Government pledges overhaul of legal aid system

Proposed changes to a means testing threshold will see ‘millions more’ have access to representation.

15 March 2022

All children will get free legal representation for the first time while some lawyers could receive a pay rise as part of an overhaul of the legal aid system.

The Government plans will mean that, for the first time, no-one under the age of 18 involved in criminal or civil cases and requiring representation will have to pay for a lawyer.

This will also apply for parents challenging doctors over the withdrawal of a child’s life support under the “wide-ranging reforms” unveiled by the Ministry of Justice (MoJ).

Proposed changes to a means-testing threshold will see “millions more” have access to representation when they cannot afford to pay for legal advice, the department said.

Criminal lawyers who carry out legal aid work have been promised the “biggest pay boost in a decade” as part of a pledge to make the system  “fit for the 21st century” and ensure professionals are “better paid for the work they actually carry out and help free up capacity in courts”.

Up to an extra £135 million will be spent on the sector every year to match recommendations by Sir Christopher Bellamy QC, who carried out a review of the system, according to the MoJ.

Mark Fenhalls QC, chairman of the Bar Council, said some of the plans will “help the most vulnerable have access to justice” and welcomed the promise to “inject urgently needed money into the legal aid system”.

He added: “The challenges faced by the criminal justice system result from decades of underinvestment and will take years to repair, but this announcement will help start to rebuild a criminal justice system that the public wants and deserves.”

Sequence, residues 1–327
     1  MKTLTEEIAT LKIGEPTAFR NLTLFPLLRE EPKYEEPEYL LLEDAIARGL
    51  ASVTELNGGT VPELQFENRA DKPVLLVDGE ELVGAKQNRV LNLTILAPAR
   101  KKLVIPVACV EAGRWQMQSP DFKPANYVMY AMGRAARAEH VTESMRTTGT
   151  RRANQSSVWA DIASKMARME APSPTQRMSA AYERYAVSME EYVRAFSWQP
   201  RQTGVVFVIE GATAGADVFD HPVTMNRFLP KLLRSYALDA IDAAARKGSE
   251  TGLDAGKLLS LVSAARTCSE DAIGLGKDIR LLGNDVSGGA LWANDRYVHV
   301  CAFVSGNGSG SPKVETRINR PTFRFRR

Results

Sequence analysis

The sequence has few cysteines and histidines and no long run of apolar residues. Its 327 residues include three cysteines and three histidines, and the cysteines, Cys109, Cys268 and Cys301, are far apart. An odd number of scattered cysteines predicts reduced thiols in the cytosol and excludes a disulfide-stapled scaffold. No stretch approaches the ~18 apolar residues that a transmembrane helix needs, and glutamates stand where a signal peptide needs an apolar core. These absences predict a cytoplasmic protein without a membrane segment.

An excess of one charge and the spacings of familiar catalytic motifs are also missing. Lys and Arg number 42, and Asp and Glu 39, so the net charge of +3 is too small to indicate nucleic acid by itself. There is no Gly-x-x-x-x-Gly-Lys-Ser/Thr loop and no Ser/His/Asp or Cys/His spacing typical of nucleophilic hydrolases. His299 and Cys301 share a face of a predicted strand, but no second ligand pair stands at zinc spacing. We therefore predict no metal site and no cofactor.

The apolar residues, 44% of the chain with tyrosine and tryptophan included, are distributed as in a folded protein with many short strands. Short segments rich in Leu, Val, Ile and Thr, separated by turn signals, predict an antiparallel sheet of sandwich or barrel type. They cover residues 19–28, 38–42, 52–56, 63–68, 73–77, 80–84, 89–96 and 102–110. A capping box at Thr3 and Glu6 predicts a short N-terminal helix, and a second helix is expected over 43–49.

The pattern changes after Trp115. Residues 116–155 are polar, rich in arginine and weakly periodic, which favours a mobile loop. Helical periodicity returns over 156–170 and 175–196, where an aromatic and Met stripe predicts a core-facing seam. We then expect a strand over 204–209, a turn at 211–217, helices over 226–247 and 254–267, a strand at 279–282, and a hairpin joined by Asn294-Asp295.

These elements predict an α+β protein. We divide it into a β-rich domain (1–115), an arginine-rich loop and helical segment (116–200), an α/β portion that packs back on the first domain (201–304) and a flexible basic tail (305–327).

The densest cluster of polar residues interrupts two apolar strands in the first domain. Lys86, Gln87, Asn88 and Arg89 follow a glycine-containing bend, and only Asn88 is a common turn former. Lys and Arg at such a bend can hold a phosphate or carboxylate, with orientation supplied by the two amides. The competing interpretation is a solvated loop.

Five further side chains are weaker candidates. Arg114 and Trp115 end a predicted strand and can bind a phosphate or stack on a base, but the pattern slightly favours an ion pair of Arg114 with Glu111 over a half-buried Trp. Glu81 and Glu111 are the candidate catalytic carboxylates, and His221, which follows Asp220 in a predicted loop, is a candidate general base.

Law Society of England and Wales president I Stephanie Boyce described the plans to increase some rates for lawyers as a “relief”, adding: “This investment represents a welcome first step towards repairing our criminal justice system.”

But Jo Sidhu QC, chairman of the Criminal Bar Association (CBA), said members had made it “absolutely clear that without a substantial increase in criminal legal aid fees, the alarming exodus of prosecutors and defenders from criminal work will continue if not accelerate”.

He said the increase in fees suggested by Sir Christopher “will not be sufficient to retain enough criminal barristers to keep the wheels of justice turning and that means victims will be failed”.

Raising income and capital thresholds for legal aid could mean more than two million extra people in England and Wales will have access to civil legal aid and 3.5 million more can access criminal legal aid at magistrates’ courts, according to MoJ estimates.

The changes also mean families will not have to pay for legal representation at inquests into the death of a loved one “where there has been a potential breach of human rights”.

Domestic abuse victims disputing house ownership “will particularly benefit from our proposal that disputed assets will not count towards their wealth”, the department added.

The financial cap on eligibility for defendants in crown courts, which has “forced some innocent people to pay their own legal costs despite being acquitted”, will also be scrapped, the MoJ said.

Deborah Coles, director of the charity Inquest, said the changes, which will help bereaved families following years of campaigning, mark a “huge step forward” and will make the process fairer.

But she warned the plan “falls short” of making sure families at all inquests where the state is represented or involved are “publicly funded for their legal representation”, adding: “Only then will bereaved people have the access to justice and greater equality of arms that is required.”

Justice Secretary Dominic Raab said: “We owe our whole legal profession – solicitors, barristers, court staff and judiciary – a debt of gratitude for keeping the wheels of justice turning over the last two years.

“That’s why we are accepting Sir Christopher Bellamy’s recommendation for an uplift in fees and a total of £135 million extra investment to ensure legal representation is there for those who most need it as we build back a stronger and fairer society after the pandemic.”

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